37. Saw Lord Wiki accusing Hillsong of doing Australian Idol vote stacking.  I guess this means they gave a contestant too much support.  

38. Remembered the last controversy that Lord Wiki mentions.  It's the guy who pretended to have cancer, but he really didn't.  Although he was from a different religious group; The Planet Shakers.   But I guess he was also connected to Hillsong.   Maybe he was supported by their music label?

39.  Started to watch the Andrew Denton interview with Tanya Levin.




40.Intrigued about Tanya Levin's last name. As far as I know, that's a VERY Jewish last name. I think it might be one of the priestly name things? I may be wrong. And I don't really know what I'm talking about. I am pretty sure it's Jewish though. So I wonder when the family switched from Judaism to Christianity. Was it a few generations back, or several?

41. Consulted Lord Wiki about the surname Levin. He agrees. It's Jewish. It refers to descendants of the tribe of Levi. They were the Levites. Lord Wiki says their job was to minister to the priests. I'm not sure what that means.

Oh well.

Let me get back to watching the video, before I get too distracted.

It's interesting. Tanya talks about both the good and bad aspects of growing up in the church. She talks about feeling close to God, and feeling invincible. She says the church gave her the sense that she could do anything...overcome anything.

On the negative side of the coin, the church used fear tactics. Tanya learned to be terrified of Satan.

She says she started questioning the church at the age of 16, suddenly feeling it was all a charade.   She started getting skeptical about the speaking in tongues stuff.   Then what really changed her was working for the Salvation Army.   They showed Tanya a different type of Christianity, one that was more humble and charitable.  She compares the two groups. While the Salvation Army focuses on serving the community, Hillsong focuses on making money and recruiting people.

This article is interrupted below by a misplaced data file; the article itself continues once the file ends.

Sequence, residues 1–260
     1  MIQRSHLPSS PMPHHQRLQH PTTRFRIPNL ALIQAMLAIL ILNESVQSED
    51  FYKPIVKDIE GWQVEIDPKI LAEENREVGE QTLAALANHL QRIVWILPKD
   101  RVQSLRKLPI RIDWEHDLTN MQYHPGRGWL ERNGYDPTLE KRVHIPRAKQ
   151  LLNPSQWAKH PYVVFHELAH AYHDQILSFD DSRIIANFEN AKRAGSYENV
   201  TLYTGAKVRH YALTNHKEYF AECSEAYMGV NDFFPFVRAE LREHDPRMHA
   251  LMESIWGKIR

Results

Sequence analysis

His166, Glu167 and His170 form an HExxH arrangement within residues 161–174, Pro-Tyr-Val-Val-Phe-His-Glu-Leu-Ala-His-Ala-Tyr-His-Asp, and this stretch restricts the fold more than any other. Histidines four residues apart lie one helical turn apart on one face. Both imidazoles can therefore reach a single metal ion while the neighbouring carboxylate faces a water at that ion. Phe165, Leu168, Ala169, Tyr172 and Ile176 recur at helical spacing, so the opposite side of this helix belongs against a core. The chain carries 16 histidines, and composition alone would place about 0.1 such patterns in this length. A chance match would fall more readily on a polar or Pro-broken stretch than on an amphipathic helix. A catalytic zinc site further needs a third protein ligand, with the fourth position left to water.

42. Started watching part 2 of the interview.   Tanya talks about becoming more disillusioned when Brian Houston told the congregation about his father's transgressions.  Tanya was disturbed by the fact that there was concern shown for the sexual abuser, but no concern shown for the children he had harmed.

Yeah.   That would bother me too.

She then talks about something called prosperity theology.  She shows a book Brian Houston wrote.  You Need More Money.  The idea is that God wants his followers to be rich. 

It reminds me of Rhonda Byrne's The Secret.  It's this idea that the main purpose of spirituality is to obtain material wealth.  

43. Wondered about my past judgments of Andrew Denton.  I remember him annoying me at times because he said things that seemed negative towards co-sleeping and homeschooling.  I can't remember what exactly.  But he seemed equally harsh towards Tanya Levin leaving the church.   I thought he was atheist, and Lord Wiki confirmed that.  So maybe that's just his style of interviewing.   Whether he disagrees or agrees with you, he acts a bit disagreeable. He plays the devil's advocate.